Conservative Senator Hatch provided an amicus brief in support of ending the rule in part because of the expansion of federal crimes which reach much more areas that traditionally would be state only.  Consider that even the assassination of JFK was to be a state trial.  There was reference to this concern during the oral argument but it is unclear how much ending the rule will matter.  If the same offense (let's say an abuse police action) will result in two possible prosecutions because of what exactly is charged, however, we still seem to be hairplitting, aren't we?  There is a policy to take into consideration a state prosecution, but we still had double prosecutions of various mass shooters, for example.

In that Puerto Rico case, Justice Thomas cited his concern about applying the rule to cases involving tribes (which already are a limited "sovereign" as is) while also joining RBG's wider concerns.  The bigger issue for the justices, aided and abetted by the originalist argument relying on just that issue (ultimately, he was left saying you could treat domestic cases differently, which is true, but he opened the door) was first applying it internationally.  The nation does have to apply the same rule and the prosecution cannot be a sham.  But, that need not occur for problems to arise, especially regarding punishment and prosecutorial resources.  There is not an exception for a richer sovereign to prosecute again because the first one had to deal with limited resources and perhaps a less skillful attempt.

I was sympathetic regarding ending the dual sovereignty rule since it does seem unjust to try a person twice for an offense.  The idea that it isn't the same offense because a different sovereign is involved doesn't quite gel. After listening to the oral argument, didn't really change my mind.  The factors discussed above suggests too that ending the rule can be done in such a way that the best case scenarios for applying it will arise seldom. Rules often have exceptions. This includes the concern about some rush to the courthouse, where a state or the federal government will lose out in the process. Some mechanism should be possible to avoid this or at least temper the concern. And, with states so much more obligated to follow national rules, including as applied to criminal justice, precedent arguably goes another way too. 

Finally, it is unclear how often this sort of thing would come up, especially if one criminal event can already be the subject of multiple prosecutions, which we can assume can be both state and federal in nature. Precedent is an important thing but so is basic justice.  It is unclear to me that the rule, all things considered, flows to the former.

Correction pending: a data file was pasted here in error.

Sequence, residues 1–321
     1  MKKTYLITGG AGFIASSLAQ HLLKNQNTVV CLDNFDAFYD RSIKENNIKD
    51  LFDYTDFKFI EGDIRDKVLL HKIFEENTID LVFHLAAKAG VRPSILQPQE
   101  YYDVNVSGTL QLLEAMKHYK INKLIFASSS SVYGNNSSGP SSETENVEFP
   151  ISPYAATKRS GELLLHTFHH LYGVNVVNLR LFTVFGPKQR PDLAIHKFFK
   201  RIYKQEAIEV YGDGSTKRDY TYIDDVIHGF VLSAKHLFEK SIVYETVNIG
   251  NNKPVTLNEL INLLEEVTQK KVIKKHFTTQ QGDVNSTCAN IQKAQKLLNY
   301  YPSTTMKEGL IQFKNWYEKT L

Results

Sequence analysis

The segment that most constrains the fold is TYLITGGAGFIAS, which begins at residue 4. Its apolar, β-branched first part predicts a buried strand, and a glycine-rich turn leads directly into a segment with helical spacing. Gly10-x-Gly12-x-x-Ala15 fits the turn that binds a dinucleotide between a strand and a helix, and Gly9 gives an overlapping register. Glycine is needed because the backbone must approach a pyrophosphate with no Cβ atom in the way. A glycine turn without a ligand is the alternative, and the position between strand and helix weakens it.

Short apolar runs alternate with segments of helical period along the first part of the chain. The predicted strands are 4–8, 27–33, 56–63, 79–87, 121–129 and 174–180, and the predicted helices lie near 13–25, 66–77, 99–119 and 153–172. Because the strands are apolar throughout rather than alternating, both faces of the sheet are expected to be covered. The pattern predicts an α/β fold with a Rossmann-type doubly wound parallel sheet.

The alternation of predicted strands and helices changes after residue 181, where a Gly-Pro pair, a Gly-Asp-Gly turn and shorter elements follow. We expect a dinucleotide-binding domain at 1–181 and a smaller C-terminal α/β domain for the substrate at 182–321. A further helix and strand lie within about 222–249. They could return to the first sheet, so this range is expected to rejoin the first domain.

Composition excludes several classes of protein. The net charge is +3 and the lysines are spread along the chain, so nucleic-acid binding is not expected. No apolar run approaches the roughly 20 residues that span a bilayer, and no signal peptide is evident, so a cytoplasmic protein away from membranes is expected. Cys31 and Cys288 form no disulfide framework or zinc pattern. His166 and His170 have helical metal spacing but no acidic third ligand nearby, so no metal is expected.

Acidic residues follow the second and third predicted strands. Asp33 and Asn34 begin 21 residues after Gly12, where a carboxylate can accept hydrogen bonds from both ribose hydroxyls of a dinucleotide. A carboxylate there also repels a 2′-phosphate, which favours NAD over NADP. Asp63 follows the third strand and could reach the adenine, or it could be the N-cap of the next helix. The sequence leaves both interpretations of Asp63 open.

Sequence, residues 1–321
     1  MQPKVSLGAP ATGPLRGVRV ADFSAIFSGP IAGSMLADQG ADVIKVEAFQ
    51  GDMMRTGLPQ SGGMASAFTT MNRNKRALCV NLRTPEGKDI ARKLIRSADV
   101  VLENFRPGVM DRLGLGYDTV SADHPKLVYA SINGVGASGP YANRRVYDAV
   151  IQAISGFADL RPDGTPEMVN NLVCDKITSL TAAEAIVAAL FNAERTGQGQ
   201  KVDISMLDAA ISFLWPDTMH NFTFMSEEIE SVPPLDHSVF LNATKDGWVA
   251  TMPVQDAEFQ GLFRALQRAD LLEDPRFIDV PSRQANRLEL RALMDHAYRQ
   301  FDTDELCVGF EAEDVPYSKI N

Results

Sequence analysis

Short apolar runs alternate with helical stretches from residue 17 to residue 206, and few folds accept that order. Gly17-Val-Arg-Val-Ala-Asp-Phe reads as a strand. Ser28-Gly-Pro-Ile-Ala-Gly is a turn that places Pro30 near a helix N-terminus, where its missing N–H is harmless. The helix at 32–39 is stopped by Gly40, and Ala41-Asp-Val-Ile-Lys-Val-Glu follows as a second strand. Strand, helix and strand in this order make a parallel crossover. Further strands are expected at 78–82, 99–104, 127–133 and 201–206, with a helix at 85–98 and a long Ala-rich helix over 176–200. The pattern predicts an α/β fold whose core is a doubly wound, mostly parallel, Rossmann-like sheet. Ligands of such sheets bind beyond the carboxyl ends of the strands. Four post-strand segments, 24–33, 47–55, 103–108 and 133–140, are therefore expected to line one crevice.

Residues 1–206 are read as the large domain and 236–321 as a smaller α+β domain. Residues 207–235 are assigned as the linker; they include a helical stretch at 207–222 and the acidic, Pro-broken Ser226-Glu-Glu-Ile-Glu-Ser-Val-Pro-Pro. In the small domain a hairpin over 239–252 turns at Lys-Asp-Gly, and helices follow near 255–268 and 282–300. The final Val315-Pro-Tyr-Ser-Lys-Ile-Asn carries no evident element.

Happy Hankukah

Hanukkah this year runs from the evenings of the 2nd until tonight. I again provide this past discussion and wish to find a good book that provides the surrounding history for the general reader. Both the immediate Maccabees revolt and developing holiday.

Tuesday, December 04, 2018

A More Beautiful and Terrible History: The Uses and Misuses of Civil Rights History by Jeanne Theoharis

I added this book to the side panel. Here is a basic outline.

Lessons of History 

(these should be kept in mind when thinking about today's movements as with the myths below)

[1] Myth of Liberal North (also many long term failures including continual segregation)

[2] Long History of Oppression (no easy solution of simply facing up to problem and it being over)

[3] Media Often Not Helping

[4] Myth of the White Moderate  (civil rights movement generally unpopular including MLK up to his death & beyond)

[5] Breadth of Cause -- Desegregation, Criminal Justice, Economic Justice and Global Justice (Vietnam, colonial movements, world peace etc.)

[6] Young and women not respected  

Lessons from the Montgomery Bus Boycott (general lessons)

[1] Perseverance thru failure

[2] Anger leads to action

[3] Sense of possibility = action

[4] Collective organizing

[5] Disruptiveness

[6] Activism = cost/sacrifice including psychological, economic, family and physical (violence)

[7] Mentoring/community of support important

[8] Learning from experience

[9] Multiple ways used against protests ('few bad apples' ... discredit as commies or outside agitators / only for self ... harassment ... legal) and ways to respond

[10] Value of multiple strategies of resistance

Saturday, December 01, 2018

RIP Bush41

I added a couple books on the side panel on the Nelson Mandela trial and myths about the Civil Rights movement. It is helpful to remember the complexities of history, which is surely true with the death of the last credible/legitimately elected Republican president. The negatives are true but so are the more positive aspects of his character and public service.